Analyzing their income for the 5-year period 2006 to 2010, incremental increases in yearly income are discernible: by P1.2-M in 2006, and subsequently by P1.5-M in 2007, then another P1.5-M in 2008; by P2-M in 2009, and finally by P8.38-M in 2010 (see infographic).

FINANCED. How to account for net worth? Infographic by Gemma Mendoza

These increases require explanation from the Coronas especially because their combined net income also increased each year.

In sum, while net worth increased by P14.58-M during this period, combined net income amounted to only P 4.51-M, a huge difference of P10-M. Definitely, this difference needs explanation as well.   

Normal living expenses

This difference will become bigger if we decrease the yearly combined income by the normal expenses of a regular Filipino family such as electricity, water, food, etc. How much can these be for the Coronas: P50,000 per month, (or P600,000 a year)? P100,000 per month, (or P1.2-M per year)? It all depends on their lifestyle. Again, these normal living expenses have not yet been accounted for.

Furthermore, there were identified cash flows that have to be “audit trailed.” What were the sources of the reported capital gains tax paid on the La Vista property in the amount of about P1.2-M? How was the P18-M sale price transacted? 

From an accounting point of view, how was this sale treated, given that they bought the lot at a lower amount of P11-M, (apparently borrowed from Basa-Guidote). They then reported it in their SALN for only P3-M, sold the property at P18-M, and paid capital gains tax at a zonal value of P20.4-M. (This is based on the report that the capital gains tax paid was P1.22-M. If so, this is consistent wtih the actual zonal price of P17,000 per square meter, the prevailing price of lots in La Vista in 2010.)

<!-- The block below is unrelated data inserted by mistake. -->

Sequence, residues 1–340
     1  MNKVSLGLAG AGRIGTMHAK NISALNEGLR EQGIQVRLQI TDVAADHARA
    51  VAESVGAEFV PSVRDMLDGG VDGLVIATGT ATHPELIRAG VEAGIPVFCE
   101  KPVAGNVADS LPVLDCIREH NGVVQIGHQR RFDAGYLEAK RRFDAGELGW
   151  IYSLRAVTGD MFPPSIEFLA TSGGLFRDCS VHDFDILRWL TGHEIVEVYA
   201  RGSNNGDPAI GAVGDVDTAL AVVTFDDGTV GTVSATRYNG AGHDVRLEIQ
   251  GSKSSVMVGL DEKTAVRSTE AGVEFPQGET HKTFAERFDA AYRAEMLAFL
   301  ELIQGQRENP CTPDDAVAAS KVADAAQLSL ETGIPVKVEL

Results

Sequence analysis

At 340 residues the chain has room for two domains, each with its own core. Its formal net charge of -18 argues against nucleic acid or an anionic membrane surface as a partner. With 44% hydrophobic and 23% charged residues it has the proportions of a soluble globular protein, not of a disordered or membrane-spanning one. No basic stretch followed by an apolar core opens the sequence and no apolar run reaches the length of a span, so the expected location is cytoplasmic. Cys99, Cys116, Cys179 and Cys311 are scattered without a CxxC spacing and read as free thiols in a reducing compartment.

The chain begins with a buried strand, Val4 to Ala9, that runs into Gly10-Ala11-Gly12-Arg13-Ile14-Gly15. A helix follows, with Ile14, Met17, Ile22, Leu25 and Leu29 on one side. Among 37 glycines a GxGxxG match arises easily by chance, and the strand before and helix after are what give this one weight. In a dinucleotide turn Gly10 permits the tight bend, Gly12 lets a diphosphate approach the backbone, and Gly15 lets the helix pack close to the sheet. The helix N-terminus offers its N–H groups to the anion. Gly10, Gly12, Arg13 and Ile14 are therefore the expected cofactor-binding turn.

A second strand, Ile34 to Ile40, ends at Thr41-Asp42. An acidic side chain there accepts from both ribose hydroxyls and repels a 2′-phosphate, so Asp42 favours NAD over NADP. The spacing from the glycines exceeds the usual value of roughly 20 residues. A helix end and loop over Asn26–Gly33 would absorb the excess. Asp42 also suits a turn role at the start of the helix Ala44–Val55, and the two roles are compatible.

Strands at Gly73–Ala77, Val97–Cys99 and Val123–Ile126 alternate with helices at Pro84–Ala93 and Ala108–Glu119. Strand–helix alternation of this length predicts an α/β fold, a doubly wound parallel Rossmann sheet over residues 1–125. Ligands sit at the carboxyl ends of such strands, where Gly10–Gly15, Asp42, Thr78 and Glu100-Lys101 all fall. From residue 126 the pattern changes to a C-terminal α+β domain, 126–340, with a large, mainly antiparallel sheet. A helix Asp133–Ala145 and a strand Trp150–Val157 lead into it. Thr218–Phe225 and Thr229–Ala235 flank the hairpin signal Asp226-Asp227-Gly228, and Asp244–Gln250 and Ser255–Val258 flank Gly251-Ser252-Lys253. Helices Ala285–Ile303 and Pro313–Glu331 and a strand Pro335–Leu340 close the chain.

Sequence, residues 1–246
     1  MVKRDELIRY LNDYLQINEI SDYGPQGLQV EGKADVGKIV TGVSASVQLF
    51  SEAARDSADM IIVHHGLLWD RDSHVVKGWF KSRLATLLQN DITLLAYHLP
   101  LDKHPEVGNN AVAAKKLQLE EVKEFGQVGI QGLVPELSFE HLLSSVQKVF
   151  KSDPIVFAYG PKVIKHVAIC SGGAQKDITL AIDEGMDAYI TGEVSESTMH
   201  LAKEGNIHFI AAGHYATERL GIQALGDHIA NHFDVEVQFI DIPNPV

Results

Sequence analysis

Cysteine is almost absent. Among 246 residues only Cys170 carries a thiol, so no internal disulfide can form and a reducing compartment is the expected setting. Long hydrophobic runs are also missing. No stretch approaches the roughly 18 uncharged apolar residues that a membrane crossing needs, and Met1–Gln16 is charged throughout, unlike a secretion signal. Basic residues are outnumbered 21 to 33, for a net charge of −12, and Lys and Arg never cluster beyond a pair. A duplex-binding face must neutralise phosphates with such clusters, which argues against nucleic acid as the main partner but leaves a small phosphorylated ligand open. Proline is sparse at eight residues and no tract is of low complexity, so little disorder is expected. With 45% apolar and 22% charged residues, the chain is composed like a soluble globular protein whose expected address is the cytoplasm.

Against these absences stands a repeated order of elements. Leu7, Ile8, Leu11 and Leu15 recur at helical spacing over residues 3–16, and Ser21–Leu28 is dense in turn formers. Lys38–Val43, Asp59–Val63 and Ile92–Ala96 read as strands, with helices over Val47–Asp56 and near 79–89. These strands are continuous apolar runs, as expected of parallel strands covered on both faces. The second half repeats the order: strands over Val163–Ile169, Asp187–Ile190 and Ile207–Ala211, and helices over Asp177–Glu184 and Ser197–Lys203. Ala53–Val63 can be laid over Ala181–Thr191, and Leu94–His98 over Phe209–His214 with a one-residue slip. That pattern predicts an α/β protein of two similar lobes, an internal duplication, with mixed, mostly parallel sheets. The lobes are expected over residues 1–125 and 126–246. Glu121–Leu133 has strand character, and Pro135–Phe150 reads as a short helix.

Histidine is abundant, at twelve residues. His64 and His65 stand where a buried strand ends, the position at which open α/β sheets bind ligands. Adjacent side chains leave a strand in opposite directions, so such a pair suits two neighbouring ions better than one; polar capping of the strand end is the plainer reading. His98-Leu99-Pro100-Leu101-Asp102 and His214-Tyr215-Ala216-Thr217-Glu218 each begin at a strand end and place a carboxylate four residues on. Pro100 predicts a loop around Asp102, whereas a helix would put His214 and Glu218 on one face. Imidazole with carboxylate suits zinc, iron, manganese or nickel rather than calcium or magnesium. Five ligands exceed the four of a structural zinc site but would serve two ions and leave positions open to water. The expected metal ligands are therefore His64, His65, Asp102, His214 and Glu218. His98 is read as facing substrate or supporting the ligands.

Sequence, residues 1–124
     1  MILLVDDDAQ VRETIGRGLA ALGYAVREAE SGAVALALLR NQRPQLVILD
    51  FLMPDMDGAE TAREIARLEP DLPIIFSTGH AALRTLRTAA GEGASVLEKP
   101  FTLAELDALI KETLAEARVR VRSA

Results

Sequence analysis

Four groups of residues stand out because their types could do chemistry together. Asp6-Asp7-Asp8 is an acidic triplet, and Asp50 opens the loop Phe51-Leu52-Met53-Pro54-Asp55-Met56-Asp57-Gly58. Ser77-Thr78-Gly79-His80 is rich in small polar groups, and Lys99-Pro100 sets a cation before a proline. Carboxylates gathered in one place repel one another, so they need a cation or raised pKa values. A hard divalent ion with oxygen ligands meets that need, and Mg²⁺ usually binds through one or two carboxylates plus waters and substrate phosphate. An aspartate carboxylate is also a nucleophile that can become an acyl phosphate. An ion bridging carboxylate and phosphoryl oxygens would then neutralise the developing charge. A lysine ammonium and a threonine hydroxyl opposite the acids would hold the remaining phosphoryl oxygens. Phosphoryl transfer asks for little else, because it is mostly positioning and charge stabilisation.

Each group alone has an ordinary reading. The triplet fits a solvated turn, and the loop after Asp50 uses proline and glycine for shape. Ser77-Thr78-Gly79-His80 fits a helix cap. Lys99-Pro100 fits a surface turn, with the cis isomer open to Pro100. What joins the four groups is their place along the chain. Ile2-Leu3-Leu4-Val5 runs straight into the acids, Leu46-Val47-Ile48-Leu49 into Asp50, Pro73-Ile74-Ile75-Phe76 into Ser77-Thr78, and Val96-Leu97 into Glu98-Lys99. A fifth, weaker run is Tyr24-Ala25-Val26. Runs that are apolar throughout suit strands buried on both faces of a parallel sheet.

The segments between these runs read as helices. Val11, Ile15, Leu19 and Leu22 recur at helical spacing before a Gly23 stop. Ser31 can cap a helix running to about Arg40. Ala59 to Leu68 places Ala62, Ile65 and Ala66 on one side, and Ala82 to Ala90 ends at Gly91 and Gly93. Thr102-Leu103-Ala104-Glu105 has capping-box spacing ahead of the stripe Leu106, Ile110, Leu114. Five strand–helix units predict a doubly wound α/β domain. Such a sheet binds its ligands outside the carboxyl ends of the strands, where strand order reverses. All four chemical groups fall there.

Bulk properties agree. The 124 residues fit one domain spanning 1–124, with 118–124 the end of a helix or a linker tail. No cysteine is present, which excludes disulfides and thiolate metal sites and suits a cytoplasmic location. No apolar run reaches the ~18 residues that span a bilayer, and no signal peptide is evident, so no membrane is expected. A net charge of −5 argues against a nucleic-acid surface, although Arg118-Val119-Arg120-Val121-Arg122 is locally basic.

Possible conclusions

  1. The earning capacity of spouses Corona cannot and will not support the substantial net worth they have accumulated, especially given the specifics of what they have so far disclosed in their SALNs and identified sources of income.
  2. With the substantial disparity at face value of their accounting figures — a much lower income level vis-à-vis bigger increments in net worth — CJ Corona appears to have misrepresented under oath the value of his assets, liabilities, and net worth.

 

CJ Panganiban has a good discussion on the position of public trust in his recent newspaper column in the Inquirer. The position is not a right but a privilege; an honor vested by the people. If there is loss of confidence, the people through both Congresses should impeach the person entrusted. The accounting numbers speak for themselves.  

A lingering question that needs a reply: was there misrepresentation by the Chief Justice? – Rappler.com

The author is former chair of the Philippine National Railways. Other former positions he held include: president/CEO of Philippine Deposit Insurance Corp (PDIC); president/CEO of Philippine Banking Corp; director/treasurer of Philippine Stock Exchange; chair of Philippine National Bank. He has over 30 years experience as a commercial/investment banker mostly with Citibank. He also shared this analysis with the prosecution.

Click on the links below for more of Rappler’s special coverage of CJ Corona’s trial.